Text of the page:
One of such towering judges is Nepal’s former Chief Justice, Kalyan Shrestha (b. 1951). His eleven-year Supreme Court tenure (2005-2016) corresponded to one of the most turbulent periods of Nepali history. He was elevated to the Supreme Court at the twilight of Nepal’s ten-year-long civil war (1996-2006) and his tenure overlapped with the country’s post-conflict transition to democracy and constitution-building process (2008-2015). His tenure encompassed a bout of emergency rule and royal autocracy; the election of two Constituent Assemblies in 2008 and 2013; the formation of an interim government headed by the then Supreme Court’s Chief Justice Khil Raj Regmi; the beleaguered attempts to secure a transitional justice process; two devastating earthquakes; and the promulgation of Nepal’s embattled current constitution in September 2015.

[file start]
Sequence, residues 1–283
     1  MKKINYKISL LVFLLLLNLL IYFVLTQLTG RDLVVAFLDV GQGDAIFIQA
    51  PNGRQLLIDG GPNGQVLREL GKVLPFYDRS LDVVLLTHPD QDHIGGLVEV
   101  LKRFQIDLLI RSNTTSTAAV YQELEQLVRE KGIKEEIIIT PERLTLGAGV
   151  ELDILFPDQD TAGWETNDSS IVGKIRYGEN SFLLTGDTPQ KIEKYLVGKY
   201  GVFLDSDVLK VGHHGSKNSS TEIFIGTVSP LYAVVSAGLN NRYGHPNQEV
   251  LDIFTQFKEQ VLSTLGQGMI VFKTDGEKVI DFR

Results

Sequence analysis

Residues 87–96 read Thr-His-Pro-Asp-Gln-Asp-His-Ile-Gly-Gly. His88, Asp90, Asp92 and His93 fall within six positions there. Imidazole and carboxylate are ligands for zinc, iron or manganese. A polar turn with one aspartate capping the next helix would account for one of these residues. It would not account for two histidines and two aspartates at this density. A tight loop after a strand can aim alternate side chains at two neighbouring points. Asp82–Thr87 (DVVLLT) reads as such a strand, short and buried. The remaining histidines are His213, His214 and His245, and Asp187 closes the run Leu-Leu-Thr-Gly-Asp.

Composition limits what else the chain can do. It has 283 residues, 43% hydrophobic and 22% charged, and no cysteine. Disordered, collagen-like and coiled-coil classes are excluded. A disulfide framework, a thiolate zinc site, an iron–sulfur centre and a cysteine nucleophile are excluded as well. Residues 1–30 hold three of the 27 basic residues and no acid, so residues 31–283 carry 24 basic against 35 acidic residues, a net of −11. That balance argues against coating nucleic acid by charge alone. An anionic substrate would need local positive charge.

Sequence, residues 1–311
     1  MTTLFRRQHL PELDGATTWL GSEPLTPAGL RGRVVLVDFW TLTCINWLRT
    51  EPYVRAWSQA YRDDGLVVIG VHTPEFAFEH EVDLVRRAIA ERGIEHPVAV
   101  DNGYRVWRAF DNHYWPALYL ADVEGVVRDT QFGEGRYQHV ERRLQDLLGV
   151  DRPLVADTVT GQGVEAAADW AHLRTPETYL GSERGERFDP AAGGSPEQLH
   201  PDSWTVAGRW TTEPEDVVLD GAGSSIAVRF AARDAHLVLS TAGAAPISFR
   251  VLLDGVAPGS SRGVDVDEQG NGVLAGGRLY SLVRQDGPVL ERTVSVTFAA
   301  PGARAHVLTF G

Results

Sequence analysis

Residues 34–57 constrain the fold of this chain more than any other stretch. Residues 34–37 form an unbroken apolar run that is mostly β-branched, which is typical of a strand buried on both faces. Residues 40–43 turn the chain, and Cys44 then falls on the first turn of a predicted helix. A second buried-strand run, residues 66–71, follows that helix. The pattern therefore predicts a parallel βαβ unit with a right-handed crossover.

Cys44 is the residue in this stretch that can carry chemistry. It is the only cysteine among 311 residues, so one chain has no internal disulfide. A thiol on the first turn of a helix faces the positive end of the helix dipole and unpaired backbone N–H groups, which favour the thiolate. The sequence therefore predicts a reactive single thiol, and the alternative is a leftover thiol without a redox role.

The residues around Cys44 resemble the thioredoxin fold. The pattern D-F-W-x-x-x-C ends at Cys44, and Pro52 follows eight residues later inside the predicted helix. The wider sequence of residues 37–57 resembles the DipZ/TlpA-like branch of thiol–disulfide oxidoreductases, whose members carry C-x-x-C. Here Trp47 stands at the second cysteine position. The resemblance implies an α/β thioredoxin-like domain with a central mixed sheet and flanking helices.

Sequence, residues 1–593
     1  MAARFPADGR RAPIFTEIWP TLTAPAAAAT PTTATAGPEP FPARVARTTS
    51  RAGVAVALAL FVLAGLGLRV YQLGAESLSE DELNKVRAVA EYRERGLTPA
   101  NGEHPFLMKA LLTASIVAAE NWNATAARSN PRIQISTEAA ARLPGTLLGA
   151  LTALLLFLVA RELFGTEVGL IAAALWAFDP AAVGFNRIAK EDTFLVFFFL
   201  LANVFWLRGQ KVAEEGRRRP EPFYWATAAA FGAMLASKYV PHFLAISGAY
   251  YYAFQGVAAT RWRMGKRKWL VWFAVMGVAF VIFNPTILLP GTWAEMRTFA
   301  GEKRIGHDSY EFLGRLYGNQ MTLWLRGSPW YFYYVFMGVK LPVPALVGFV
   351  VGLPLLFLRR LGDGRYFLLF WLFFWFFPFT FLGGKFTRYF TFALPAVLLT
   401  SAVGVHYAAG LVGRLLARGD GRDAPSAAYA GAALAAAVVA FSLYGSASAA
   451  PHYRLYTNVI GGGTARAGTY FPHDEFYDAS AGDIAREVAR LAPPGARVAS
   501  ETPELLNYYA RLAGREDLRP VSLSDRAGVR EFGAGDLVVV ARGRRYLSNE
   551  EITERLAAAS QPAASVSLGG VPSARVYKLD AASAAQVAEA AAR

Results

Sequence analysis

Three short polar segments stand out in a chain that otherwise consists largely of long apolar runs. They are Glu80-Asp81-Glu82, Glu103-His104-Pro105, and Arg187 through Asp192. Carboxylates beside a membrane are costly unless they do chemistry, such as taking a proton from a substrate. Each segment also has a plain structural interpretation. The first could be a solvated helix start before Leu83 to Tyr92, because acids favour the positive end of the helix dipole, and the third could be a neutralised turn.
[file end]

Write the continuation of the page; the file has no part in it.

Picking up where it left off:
I argue that the factors that led to the rise of Kalyan Shrestha to the status of a towering judge reflect a combination of individual temperament, timing, and institutional and cultural conditions. Well-liked and highly respected, the Nepali media described him as ‘a bold judge with a clean image’, and ‘known for his integrity and professionalism’. When Justice Shrestha was elevated to the Supreme Court in 2005 at the height of the civil war the timing and the institutional and cultural preconditions were conducive for a towering judicial figure to emerge. Under the 1990 constitution Nepal had veered towards legal forms of rights protection. Domestically, the new constitution contained extensive fundamental rights, and mechanisms for judicial review of legislation and the enforcement of rights, alongside Indian-style Public Interest Litigation (PIL). Internationally, Nepal had also ratified an array of international human rights instruments, which became enforceable domestically. Moreover, since 1990 the Supreme Court had progressively become bolder and more assertive in its decisions and role. As a common law-derived jurisdiction primarily influenced by India, Nepal also featured the cultural prerequisites for bold judicial activism and individual towering judges to emerge.